Senator Tillis still has not found a way to defend to North Carolinians his role in blocking Medicaid expansion in North Carolina, so now he’s desperately trying to blame his 2013 vote blocking Medicaid expansion on a bipartisan budget that passed more than a decade before his vote and nearly a decade before Medicaid expansion existed.
You read that right.
In an interview with WRAL, when asked if he had any “regrets” about this vote to block Medicaid expansion, Tillis tried to lay blame with a 2001 state budget… a full 12 years before Tillis’ 2013 vote and nearly a decade before the ACA was even signed into law.
Putting aside the fact that the state’s finances had recovered in the ensuing years — in 2006, the state North Carolina reported its “healthiest budget surplus in years” — Tillis’ latest claim on its face is a new, desperate low in his years-long struggle to explain his vote to block Medicaid expansion.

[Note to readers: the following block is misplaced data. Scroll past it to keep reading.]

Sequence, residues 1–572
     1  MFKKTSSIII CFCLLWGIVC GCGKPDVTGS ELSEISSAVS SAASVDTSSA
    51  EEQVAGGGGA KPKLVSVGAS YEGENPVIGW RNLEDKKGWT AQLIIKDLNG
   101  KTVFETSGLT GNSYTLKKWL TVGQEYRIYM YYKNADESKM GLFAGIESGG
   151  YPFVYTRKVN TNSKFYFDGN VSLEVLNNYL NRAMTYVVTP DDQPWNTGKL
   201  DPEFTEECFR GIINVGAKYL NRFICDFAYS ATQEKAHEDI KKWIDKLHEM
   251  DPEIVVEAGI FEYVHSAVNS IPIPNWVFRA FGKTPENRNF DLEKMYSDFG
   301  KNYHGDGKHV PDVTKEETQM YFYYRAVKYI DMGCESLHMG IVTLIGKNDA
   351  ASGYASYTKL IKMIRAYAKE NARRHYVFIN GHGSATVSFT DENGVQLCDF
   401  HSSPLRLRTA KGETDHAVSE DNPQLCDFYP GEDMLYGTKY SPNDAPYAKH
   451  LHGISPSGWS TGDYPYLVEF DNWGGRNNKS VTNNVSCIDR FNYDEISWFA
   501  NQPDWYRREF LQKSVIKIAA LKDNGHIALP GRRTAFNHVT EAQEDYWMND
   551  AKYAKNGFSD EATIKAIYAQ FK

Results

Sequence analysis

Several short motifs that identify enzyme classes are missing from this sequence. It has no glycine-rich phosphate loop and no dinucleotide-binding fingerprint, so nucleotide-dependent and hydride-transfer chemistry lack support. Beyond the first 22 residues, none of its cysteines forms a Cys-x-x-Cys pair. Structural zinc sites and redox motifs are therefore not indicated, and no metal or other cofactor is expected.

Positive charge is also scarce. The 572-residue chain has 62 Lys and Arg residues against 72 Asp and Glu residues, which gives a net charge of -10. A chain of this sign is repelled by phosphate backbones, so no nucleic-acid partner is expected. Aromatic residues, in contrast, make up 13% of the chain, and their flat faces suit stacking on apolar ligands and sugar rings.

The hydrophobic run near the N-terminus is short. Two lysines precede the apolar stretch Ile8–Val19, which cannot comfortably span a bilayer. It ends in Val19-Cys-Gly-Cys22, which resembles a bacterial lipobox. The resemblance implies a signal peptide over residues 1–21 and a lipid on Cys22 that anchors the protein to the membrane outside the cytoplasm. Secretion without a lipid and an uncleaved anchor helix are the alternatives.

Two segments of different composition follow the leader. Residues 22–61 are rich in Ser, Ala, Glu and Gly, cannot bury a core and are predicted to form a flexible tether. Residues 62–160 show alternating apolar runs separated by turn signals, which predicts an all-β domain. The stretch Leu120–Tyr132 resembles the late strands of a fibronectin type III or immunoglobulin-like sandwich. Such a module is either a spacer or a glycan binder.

In his first Senate run, he ran ads boasting how he blocked expansion “cold,” then “reverse[d] course,” only to flip back around to his previous position last summer. Earlier this year, he changed it up, testing out that he “saved Medicaid” by refusing to expand health care to 500,000 or more North Carolinians. When that didn’t work, he’s now moved on to blaming a budget from nearly a decade before the ACA was signed into law.
“Seven years later and Senator Tillis is still desperately attempting to defend his record of blocking access to health care for many North Carolina families,” NCDP spokesperson Robert Howard said. “It’s clear Senator Tillis is worried that his record of taking away access to affordable health care is toxic with voters, which is why he keeps testing out excuse after excuse. We can’t wait to see what’s next. But hey, keep trying, I guess?”